Whether you like posting images of your children online because you want to connect with your family members scattered around the world or you simply like to reflect on your life through the digital storytelling of everyday moments, there are some key steps that you can take to make sure that you protect your children’s privacy.

Debates about posting images of children’s online have been around for long, (e.g. New York Times in 2009). Yet, in 2016 we have seen an explosion in newspaper articles addressing the topic (see Resources). At present, parents are bombarded with commentary pieces assessing the pros and cons of posting images of children online (see the debate on the Wall Street Journal, 2016). What is emerging clearly from these articles is the fact that there is a sharp division between the ‘share it all’ parents and those parents who chose not to share anything of their children online.

As this website aims to show, although interesting, these debates fail to really address the fact that the question about children’s digital data goes well beyond what we share and what we don’t share on social media. At present the data of our children is collected, archived and exploited by a plurality of agents and institutions and we have little control over this data. But we do have control over the data that we post and there are ways in which we can protect our children when we post.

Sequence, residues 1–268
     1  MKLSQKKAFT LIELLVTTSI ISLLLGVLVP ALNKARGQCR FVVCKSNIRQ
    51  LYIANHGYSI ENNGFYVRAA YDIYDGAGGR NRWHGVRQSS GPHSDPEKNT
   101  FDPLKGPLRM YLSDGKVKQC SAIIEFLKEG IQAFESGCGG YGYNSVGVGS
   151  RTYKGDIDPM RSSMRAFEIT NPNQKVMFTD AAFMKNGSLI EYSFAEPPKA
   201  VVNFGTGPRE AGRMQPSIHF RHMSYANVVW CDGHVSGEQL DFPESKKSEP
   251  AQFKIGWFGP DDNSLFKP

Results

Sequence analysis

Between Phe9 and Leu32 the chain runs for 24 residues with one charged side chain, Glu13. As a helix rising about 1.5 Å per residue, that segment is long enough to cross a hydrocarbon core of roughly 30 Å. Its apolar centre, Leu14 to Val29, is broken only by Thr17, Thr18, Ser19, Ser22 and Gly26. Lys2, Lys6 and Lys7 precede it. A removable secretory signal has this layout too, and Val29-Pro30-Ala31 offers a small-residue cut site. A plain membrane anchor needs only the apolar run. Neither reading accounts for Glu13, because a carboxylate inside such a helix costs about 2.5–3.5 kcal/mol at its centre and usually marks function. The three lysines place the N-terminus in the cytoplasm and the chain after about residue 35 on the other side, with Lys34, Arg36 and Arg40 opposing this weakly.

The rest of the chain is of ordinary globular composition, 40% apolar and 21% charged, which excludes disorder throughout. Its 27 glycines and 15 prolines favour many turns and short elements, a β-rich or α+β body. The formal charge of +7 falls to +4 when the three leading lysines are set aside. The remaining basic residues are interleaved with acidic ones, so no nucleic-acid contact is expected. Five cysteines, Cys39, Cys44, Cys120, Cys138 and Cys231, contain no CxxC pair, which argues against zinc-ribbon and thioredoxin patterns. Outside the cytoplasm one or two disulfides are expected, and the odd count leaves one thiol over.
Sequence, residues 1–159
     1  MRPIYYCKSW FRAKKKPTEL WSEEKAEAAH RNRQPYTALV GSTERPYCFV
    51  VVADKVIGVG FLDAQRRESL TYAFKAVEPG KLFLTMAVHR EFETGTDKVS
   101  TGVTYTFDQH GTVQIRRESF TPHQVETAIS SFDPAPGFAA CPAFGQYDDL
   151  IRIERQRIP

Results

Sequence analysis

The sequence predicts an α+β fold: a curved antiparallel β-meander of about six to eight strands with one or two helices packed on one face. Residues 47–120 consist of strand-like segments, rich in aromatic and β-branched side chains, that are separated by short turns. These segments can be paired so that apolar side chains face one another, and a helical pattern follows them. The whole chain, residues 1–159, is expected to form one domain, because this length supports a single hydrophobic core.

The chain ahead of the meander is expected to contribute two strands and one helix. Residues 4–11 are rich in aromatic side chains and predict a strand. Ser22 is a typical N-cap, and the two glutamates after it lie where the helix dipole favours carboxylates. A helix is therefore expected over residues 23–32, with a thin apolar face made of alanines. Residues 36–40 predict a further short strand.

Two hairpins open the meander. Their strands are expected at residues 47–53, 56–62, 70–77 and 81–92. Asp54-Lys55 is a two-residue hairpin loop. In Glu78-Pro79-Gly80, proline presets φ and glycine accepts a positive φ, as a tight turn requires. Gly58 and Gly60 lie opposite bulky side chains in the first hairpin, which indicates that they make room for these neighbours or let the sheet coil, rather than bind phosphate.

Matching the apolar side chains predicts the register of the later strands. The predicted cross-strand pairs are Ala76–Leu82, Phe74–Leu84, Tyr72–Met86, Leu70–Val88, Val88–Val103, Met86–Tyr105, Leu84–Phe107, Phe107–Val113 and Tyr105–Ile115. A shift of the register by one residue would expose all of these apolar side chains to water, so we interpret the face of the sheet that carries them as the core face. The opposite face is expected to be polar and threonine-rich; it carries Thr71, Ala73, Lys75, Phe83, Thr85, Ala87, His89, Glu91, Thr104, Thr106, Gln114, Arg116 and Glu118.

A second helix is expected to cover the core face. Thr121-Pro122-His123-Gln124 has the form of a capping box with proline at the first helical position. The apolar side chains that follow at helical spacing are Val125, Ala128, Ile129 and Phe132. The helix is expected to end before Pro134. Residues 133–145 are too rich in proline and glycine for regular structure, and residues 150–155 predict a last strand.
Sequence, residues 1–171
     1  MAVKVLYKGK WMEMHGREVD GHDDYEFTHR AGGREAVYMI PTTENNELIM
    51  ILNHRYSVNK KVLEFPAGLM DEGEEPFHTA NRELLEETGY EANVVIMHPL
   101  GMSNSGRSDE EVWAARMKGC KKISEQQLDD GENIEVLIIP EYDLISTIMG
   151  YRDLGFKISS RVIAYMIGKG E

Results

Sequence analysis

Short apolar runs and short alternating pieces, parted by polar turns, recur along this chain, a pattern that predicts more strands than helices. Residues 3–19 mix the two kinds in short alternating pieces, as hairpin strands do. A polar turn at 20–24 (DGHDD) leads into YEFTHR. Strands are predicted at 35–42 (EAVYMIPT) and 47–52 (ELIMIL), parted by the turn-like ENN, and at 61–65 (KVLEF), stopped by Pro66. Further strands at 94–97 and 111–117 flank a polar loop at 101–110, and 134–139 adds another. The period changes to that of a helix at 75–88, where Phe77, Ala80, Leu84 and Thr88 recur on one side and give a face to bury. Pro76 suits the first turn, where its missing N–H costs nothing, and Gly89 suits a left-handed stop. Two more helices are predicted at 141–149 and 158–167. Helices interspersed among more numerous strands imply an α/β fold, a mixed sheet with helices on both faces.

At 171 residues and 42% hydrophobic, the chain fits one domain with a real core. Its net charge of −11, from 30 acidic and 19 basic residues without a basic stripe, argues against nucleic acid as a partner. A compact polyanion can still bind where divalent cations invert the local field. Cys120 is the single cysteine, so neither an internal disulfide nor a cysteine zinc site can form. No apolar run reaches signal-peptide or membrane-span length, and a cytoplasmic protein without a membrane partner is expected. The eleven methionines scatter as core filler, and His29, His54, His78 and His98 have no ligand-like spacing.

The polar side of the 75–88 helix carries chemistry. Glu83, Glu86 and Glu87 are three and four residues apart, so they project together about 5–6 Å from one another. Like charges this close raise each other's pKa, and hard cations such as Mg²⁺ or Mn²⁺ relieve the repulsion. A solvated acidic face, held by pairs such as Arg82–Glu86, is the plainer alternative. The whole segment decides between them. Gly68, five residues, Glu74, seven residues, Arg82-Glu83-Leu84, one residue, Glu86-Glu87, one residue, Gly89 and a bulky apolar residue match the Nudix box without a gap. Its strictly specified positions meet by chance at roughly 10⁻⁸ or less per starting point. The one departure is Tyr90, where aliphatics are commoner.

In the first place, we need to inform ourselves. This does not only mean that we need to understand how Privacy Settings work (and the guide provides you with a useful summary of the Privacy settings of the most used social media in the U.K. and the U.S.) but we also need to learn to fast-read privacy policies. Furthermore, we need to be aware of the broader picture, and of the difference between corporate and non-corporate digital platforms.

In the second place we need to remind ourselves that there are numerous ways in which we can ‘share’ photos of our children, and that a small change to our digital habits can make a significant change in the protection of our children’s privacy. In this regard, the article published by The Guardian (2014) How to Share Family Photos Safely, offers some useful (yet a bit dated) tips.

In the third place we need to take control of our digital storytelling. Taking control means thinking about our digital narratives about how these narratives enable specific forms of profiling (e.g. consumer, political, religious, medical etc.). It also means finding ways in which we can ‘tell the story’ without giving away too much personally identifying information about your children. One way in which we can do that is by 1) make sure that you do not share location information 2) try to use a nickname or abbreviation rather than the full name of your child 3) keep the conversation going with your children, recognising that ultimately they have the right to decide what can be shared or not.